Saturday 16 June 2012

Gothic Horror Round-Up II:
L'orribile Segreto del Dr. Hichcock
(Riccardo Freda, 1962)

An unusual figure within the pantheon of Italian genre directors, I remember reading somewhere that Riccardo Freda had become ‘independently wealthy’ by the time he took up making horror films in the late ‘50s, with a fifteen year track record of success in the field of peplums (pepla? I dunno..) and historical epics serving to free him from the commercial considerations that defined the work of other Italo-horror directors, leaving him time to carefully consider the relatively few films he made in the genre, with the studios perhaps seeing them as ‘pet projects’ or indulgences from a guy who’d already proved himself a reliable money-maker.

I don’t know how much truth there is in that view of things, but a rare degree of creative forethought and aesthetic conviction can certainly be felt in ‘L’orrible Segreto del Dr. Hichcock’, which stands as one of the real A+ masterpieces of ‘60s gothic cinema. Released in Italian cinemas 50 years ago this month (funnily enough), it is ‘..Dr Hichcock’, more-so even than ‘Black Sunday’ or Corman’s Poe films, that I think subsequent filmmakers came to regard as ‘the template’ as they mined the gothic style into oblivion over the coming decade.

Packed with overbearing baroque imagery and masterfully orchestrated moments of creepitude, the film can certainly boast a full set of genre clichés. Anyone keeping track on a tick sheet can happily strike off the following in the first forty minutes alone:

Opening grave robbery scene
Eerie, disembodied piano playing
Conflict & confusion between two wives: one blonde, one brunette / one living, one dead
Giant, foreboding portraits of dead wife
Black cat
Randomly appearing skulls
Sinister spinster housekeeper
Disordered family crypt, connected to house via underground tunnels
Constant thunderstorms
Rooms full of furniture covered by ghostly dust-coverings
A mysterious figure creeping around outside bedroom doors at night, trying the locks
A forbidden room that must never be opened
Candelabras all over the joint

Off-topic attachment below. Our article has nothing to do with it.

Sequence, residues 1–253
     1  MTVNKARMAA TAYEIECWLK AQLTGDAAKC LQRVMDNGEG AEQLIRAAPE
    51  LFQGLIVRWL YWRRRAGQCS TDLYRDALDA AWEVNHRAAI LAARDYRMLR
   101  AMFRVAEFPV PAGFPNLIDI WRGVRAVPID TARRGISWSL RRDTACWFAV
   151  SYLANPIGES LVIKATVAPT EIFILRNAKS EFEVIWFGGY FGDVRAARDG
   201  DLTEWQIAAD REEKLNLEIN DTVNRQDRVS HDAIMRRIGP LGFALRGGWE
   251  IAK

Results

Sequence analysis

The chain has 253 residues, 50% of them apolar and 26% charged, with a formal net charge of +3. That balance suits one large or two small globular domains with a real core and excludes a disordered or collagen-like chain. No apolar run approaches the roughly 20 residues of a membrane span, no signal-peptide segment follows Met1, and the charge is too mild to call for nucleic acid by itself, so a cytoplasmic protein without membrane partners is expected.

And so on.

Rarely though have such familiar elements been as effectively used as they are here. Shooting in technicolor with a wide aspect ratio (I’m not gonna venture into the technical AR talk, but y’know what I mean), Freda creates an incredibly detailed mise en scene within the film’s set-bound interiors, full of dense, dark colours, high ceilings and lavish furnishings that evoke a real sense of shadowed grandeur – a feeling of things lurking in the distance, perpetually unseen beyond the sharp spot-lighting.

Mario Bava had of course worked closely with Freda during the ‘50s (most notably on ‘I Vampiri’ (’56) and ‘Caltiki: the Immortal Monster’ (’59)), and it’s hard to believe that the colour gothic aesthetic perfected by Bava in 1963's Whip & The Body wasn’t veeeery heavily influenced by Freda’s film, utilising many of the same techniques (hell, maybe even some of the same sets – that wrought-iron gate in the crypt looks pretty familiar) to create a similar atmosphere of slow-building tension, borderline supernatural mystery and familial decay.*

Looking further ahead down the influence trail, Freda’s distinctive use here of a POV tracking shot that place us behind the eyes of a mysterious aggressor creeping slowly down glassy, unnaturally lit corridors, followed by close ups of ornate bedroom doorknobs being tested, will have Euro-horror aficionados immediately chorusing “ARGENTO”, and indeed, whether a conscious influence or not, after watching ‘..Dr. Hichcock’ it’s easy to interpret certain shots in ‘Deep Red’ and ‘Suspiria’ as direct nods to Freda.

For all that ‘..Dr. Hichcock’ plays on, and helps create, horror cliché though, there is far more going on here than a mere parade of gothic hi-jinks. To a greater extent than any of his contemporaries, Freda seems determined to explore the deeper psychological aspects of the gothic formula. Drawing (somewhat inevitably) on Franju’s Les Yeux Sans Visage, and pre-empting such psychoanalytical headfucks as Hammer’s ‘Demons of the Mind’, ‘..Dr. Hichcock’s web of sex, surgery and psychiatric dysfunction invests the film with a disturbing, modernist feel that sits oddly with its antiquated visual aesthetic. Sigmund Freud is even mentioned by name at one point, and the whole film is suffused with a sense of neurotic unease that almost bears comparison to a David Cronenberg film.

Whereas most gothic horrors by necessity employ a razor-sharp demarcation of good vs evil, protagonist vs antagonist, for a significant portion of ‘..Dr. Hichcock’ we’re left in uncertainty as to what we should be more worried about: the doctor’s coldness, strange behaviour and apparent duplicity, or his wife’s raging paranoia, unfounded jealousy and unstable grip on reality. In most movies furnished with thunder-claps, decaying gothic piles and sinister scientists, our sympathy with the frightened, loveless bride would be a foregone conclusion. But here, as Freda’s careful manipulation of the film’s emotional drift emphasises the tension between Robert Flemyng’s formal impassivity and Barbara Steele’s harrowing, near-hysterical performance, we’re often genuinely unsure whose point of view we can trust. No one’s, presumably. As in a Cronenberg or Franju film, chances are there’s something pretty off-balance going on with everyone here. Rather than a victim / aggressor scenario, what we’re witnessing could merely be a car crash between incompatible dysfunctions, and we’d be well-advised to keep a close eye on the whole lot of ‘em.